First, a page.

REVIEW: The Emigrants (Moving Stories Theatre)

The Polish Odd Couple

The Emigrants - AA and XX

Moving Stories Theatre presents:

The Emigrants

 

by Slawomir Mrozek
directed by Goran Milev
through February 21st (more info)

reviewed by Paige Listerud

Chicago audiences rarely get a chance to see the stimulating and provocative work of Polish playwright Slawomir Mrozek. For that reason alone, it’s worthwhile to high tail it to Moving Stories Theatre’s showing of The Emigrants at The Artistic Home. This is the first in a series of World Theater they will be presenting for the 2010 season and if their opening shot is any indication of future productions, we are all in for a real treat.

Written in 1974, The Emigrants reflects both the philosophical and the mundane dilemmas of émigrés from Eastern Block states living in the West. Commenting on his own immigrant experience in a letter, Mrozek wrote, “I never experience such a Image1sharpening of [my] senses and thoughts as in an unfamiliar country, an unfamiliar city, among unfamiliar people, whose language preferably I do not know. [This offers] such intensification of life, of my whole existence.”

That state aptly describes Emigrant XX (Goran Milev, who also directs the productions), the prosaic prole who wants to make just enough money to own a house back in the old, totalitarian home country. Emigrant AA (Joe Mack), a Polish liberal intellectual succeeds him in education and abstract understanding, but hasn’t enough drive to get dressed and step out of the basement apartment they share. Without a dollar in his pocket, XX finds excitement going to the train station and standing among the people there, while AA stays on the subterranean level, imagining himself as an organism in the bowels of a great beast.

Together, XX and AA make up a pre-Perestroika Polish odd couple–getting on each other’s nerves over issues that are either petty, but significant to daily survival, or are deeply profound but, without traction, vanish into airy nothingness. Milev, in particular, strikes all the right notes portraying XX’s new emigrant awkwardness and anxiousness to be acceptable. Compounded by a capacity for taking concepts too far and reluctance in admitting when he doesn’t understand something, XX’s character drives most of the comedy of the piece.

Image7 Indeed, he seems to be its heart and soul, especially when AA determines to make him the center of his new work of political theory. Never mind that AA hasn’t completed any work, intellectual or otherwise, since he’s arrived—XX cannot leave until it is done. Here, the enlightened intellectual begins to reflect the control of the totalitarian state they have both left. But then, as XX astutely pointed out earlier, under totalitarianism the both of them were equal—in slavery. New rules and not-so-new divisions of class and privilege determine their value as human beings in the so-called free world.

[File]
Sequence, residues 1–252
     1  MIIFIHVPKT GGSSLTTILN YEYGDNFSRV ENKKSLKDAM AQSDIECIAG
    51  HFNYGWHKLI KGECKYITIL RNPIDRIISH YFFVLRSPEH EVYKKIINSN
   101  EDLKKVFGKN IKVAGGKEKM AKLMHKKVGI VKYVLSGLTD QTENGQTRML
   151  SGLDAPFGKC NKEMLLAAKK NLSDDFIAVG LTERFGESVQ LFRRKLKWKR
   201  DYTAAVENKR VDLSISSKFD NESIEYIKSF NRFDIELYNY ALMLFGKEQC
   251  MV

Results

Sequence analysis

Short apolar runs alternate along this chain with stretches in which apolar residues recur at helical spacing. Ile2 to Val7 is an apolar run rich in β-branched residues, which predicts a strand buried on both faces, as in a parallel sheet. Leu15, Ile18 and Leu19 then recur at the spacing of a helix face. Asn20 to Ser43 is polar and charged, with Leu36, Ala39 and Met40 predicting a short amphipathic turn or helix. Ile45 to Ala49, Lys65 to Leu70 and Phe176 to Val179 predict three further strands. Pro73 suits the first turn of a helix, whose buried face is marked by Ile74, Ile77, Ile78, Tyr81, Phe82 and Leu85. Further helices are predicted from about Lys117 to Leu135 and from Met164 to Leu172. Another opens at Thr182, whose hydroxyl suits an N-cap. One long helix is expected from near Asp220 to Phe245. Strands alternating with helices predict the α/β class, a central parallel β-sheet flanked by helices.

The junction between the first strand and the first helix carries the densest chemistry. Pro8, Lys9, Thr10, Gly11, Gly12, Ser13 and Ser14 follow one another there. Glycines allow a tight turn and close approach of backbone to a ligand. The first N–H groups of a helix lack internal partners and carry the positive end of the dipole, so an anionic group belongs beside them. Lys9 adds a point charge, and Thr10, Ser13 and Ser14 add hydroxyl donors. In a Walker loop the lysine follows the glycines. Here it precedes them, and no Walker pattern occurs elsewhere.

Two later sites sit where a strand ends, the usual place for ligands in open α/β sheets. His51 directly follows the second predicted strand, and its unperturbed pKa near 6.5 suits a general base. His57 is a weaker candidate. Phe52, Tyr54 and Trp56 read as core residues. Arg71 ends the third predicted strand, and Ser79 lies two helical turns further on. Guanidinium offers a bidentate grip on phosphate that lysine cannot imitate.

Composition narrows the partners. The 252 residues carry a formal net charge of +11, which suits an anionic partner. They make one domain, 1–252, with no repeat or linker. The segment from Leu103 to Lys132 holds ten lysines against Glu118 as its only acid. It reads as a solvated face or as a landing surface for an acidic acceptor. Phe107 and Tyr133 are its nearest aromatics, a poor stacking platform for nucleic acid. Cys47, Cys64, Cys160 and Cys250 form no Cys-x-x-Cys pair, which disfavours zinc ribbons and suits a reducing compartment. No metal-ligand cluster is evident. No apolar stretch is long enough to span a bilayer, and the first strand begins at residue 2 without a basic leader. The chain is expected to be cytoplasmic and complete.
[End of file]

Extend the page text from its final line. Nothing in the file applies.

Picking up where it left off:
It’s here where the production falls short in teasing out all the layers of darkness, paradox, and absurdity. But then, Mzorek packs more into an 80-minute one-act than most playwrights do into two hours. Mack’s interpretation of AA is especially casual—that, and no discernible accent, makes AA like a slightly more educated Dude from The Big Lebowski than a despondent Polish intellectual émigré. A certain lack of fire and intensity, particularly when holding forth dearly held political views, robs Mack of an edge to be realistically threatening once the story turns dark. Both actors do sustain the dynamic tension between them, however, long enough to suggest the pearl of madness at the bottom of AA’s soul–and the pearl of wit that dwells at the bottom of XX’s.

The Emigrant’s run will be short—only until February 21st. For those who crave more intellectual fare and seek a break from the cultural insularity of American life, this small, dense political drama may prove to be a walk on the wild side.

Rating: ★★★

 

the emigrants

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